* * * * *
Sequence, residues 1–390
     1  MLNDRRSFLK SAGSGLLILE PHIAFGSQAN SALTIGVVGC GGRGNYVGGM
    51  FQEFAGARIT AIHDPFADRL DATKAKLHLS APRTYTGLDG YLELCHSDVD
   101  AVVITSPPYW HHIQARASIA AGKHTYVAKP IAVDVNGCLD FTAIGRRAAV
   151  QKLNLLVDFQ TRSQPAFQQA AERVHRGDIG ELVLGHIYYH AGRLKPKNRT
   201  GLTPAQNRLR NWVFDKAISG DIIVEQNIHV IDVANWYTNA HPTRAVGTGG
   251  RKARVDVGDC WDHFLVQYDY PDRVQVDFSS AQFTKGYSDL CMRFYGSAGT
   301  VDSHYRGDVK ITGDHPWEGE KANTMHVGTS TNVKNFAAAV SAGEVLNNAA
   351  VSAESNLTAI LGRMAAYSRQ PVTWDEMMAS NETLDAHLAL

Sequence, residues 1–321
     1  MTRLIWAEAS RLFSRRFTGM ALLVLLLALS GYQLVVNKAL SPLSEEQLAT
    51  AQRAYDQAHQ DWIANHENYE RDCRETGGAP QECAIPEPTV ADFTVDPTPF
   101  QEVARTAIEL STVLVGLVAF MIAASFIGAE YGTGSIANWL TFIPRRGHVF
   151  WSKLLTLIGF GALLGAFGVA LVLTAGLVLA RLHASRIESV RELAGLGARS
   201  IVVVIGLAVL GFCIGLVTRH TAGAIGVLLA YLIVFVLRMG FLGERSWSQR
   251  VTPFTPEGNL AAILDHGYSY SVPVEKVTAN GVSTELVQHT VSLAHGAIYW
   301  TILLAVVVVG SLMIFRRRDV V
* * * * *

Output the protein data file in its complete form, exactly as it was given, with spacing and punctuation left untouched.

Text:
Sequence, residues 1–390
     1  MLNDRRSFLK SAGSGLLILE PHIAFGSQAN SALTIGVVGC GGRGNYVGGM
    51  FQEFAGARIT AIHDPFADRL DATKAKLHLS APRTYTGLDG YLELCHSDVD
   101  AVVITSPPYW HHIQARASIA AGKHTYVAKP IAVDVNGCLD FTAIGRRAAV
   151  QKLNLLVDFQ TRSQPAFQQA AERVHRGDIG ELVLGHIYYH AGRLKPKNRT
   201  GLTPAQNRLR NWVFDKAISG DIIVEQNIHV IDVANWYTNA HPTRAVGTGG
   251  RKARVDVGDC WDHFLVQYDY PDRVQVDFSS AQFTKGYSDL CMRFYGSAGT
   301  VDSHYRGDVK ITGDHPWEGE KANTMHVGTS TNVKNFAAAV SAGEVLNNAA
   351  VSAESNLTAI LGRMAAYSRQ PVTWDEMMAS NETLDAHLAL

Sequence, residues 1–321
     1  MTRLIWAEAS RLFSRRFTGM ALLVLLLALS GYQLVVNKAL SPLSEEQLAT
    51  AQRAYDQAHQ DWIANHENYE RDCRETGGAP QECAIPEPTV ADFTVDPTPF
   101  QEVARTAIEL STVLVGLVAF MIAASFIGAE YGTGSIANWL TFIPRRGHVF
   151  WSKLLTLIGF GALLGAFGVA LVLTAGLVLA RLHASRIESV RELAGLGARS
   201  IVVVIGLAVL GFCIGLVTRH TAGAIGVLLA YLIVFVLRMG FLGERSWSQR
   251  VTPFTPEGNL AAILDHGYSY SVPVEKVTAN GVSTELVQHT VSLAHGAIYW
   301  TILLAVVVVG SLMIFRRRDV V